RAMADAN worshippers are being warned of “revenge” terror attacks in retaliation for the Sri Lanka slaughter, Daily Star Online can reveal.
Two hundred and fifty-seven people were killed in the devastating Easter weekend blasts, and more than 500 were injured.
UK cops have revealed they are monitoring churches and specific communities across the country, but mosques may also be at risk during Ramadan.
The Islamic holy month begins this Sunday and lasts until June 4, with worshippers preparing to fast to get closer to Allah.
David Otto, counter-terrorism and organised crime expert at Global Risk International, believes the period could offer an opportunity to far-right extremists.
He told Daily Star Online: “Extremist sentiments, violent actions and reactions could peak from right wing and far right extremist groups or individuals in Europe and beyond.
“Especially after the devastating jihadist attacks on Christians and places of worship during the Easter period in Africa , Middle East and Sri-Lanka.
“These attacks are still fresh in the mind and one must not be surprised to experience some kind of a tit for tat rhetoric during the holy period of Ramadan.
“Security services, places of worship must remain vigilant and apply protective measures beyond prayers alone.”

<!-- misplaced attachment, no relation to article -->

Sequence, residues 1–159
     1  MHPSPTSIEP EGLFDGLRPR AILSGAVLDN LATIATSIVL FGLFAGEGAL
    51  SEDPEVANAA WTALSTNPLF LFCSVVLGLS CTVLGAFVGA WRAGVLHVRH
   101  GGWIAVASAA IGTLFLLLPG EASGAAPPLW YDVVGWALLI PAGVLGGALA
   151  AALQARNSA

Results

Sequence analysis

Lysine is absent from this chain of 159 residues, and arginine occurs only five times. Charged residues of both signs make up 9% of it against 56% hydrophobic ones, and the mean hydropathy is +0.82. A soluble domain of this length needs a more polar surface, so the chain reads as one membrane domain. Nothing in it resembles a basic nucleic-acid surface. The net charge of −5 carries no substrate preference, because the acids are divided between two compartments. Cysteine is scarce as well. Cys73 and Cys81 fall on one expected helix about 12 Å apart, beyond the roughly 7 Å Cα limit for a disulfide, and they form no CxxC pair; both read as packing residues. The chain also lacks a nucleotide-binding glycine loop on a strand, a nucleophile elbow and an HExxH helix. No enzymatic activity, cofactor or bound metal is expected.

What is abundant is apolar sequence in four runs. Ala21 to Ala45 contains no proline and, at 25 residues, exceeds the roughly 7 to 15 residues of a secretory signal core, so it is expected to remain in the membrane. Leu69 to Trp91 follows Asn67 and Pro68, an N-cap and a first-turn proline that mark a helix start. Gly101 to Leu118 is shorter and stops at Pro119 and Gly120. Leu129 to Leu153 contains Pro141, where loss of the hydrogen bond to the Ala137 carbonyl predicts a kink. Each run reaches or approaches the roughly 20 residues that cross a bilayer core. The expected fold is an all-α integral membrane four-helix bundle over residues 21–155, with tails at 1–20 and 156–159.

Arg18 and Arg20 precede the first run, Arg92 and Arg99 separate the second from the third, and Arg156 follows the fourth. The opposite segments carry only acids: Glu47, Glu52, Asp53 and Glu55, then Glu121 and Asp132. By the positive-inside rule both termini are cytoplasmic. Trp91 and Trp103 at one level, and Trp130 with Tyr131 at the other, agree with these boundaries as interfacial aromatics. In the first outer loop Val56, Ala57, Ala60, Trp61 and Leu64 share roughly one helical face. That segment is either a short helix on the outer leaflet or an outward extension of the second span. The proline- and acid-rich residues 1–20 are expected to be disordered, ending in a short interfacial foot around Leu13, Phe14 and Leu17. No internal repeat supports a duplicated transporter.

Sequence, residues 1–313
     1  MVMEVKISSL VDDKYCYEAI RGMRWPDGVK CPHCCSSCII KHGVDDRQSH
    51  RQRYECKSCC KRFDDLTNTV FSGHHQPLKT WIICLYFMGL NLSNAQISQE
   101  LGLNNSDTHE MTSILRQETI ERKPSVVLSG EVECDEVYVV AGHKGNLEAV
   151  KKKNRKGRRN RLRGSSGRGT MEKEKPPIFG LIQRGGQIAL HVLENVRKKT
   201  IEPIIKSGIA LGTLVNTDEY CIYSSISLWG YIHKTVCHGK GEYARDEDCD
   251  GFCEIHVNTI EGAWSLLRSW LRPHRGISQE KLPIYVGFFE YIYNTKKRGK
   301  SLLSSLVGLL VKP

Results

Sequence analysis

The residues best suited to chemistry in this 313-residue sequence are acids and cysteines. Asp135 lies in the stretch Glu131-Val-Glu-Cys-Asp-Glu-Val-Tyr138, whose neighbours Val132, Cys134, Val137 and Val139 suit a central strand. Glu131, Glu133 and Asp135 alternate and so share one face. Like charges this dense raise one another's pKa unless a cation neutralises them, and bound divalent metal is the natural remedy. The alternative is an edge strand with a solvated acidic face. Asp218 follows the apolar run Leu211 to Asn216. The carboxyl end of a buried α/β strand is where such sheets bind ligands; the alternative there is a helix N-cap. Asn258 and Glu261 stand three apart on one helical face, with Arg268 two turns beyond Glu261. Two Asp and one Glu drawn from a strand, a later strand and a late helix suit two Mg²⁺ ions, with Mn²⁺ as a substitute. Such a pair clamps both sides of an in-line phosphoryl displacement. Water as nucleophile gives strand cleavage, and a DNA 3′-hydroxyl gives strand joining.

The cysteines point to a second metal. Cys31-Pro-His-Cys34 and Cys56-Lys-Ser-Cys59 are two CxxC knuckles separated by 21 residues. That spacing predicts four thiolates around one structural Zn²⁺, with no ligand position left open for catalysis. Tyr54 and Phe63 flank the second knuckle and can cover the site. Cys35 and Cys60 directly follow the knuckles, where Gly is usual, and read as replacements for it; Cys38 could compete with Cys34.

London’s Met Police last month called on places of worship to carry out its online training covering awareness, protective security, and "and how to react should the worst happen”.
Deputy Assistant Commissioner Dean Haydon said: “Together with our intelligence partners we continually monitor the varied threats we face, including to and around places of worship and specific communities across the country, to ensure we have the most appropriate protective security measures in place to keep people safe.
“These attacks are still fresh in the mind”David Otto
“Officers across the UK regularly engage with communities of all faiths, giving advice on how people and places can protect themselves and this work will continue.”
The US ambassador to Sri Lanka also made a dire warning in the wake of the slaughter.
Alaina Teplitz told Reuters: "We do believe that the terrorist threat is ongoing and there may be active plotters.
“Active members of the attack group that carried out the terror attacks on Easter Sunday may still be at large.
"We certainly have reason to believe that the active attack group has not been fully rendered inactive."
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“We do believe that there is active planning under way."
Sri Lanka's government has blamed a domestic Islamist extremist group – the National Thowheed Jamath (NTJ) – for carrying out the bombings.
But authorities also believe it would have required help from international terror networks to carry out such a co-ordinated and devastating attack.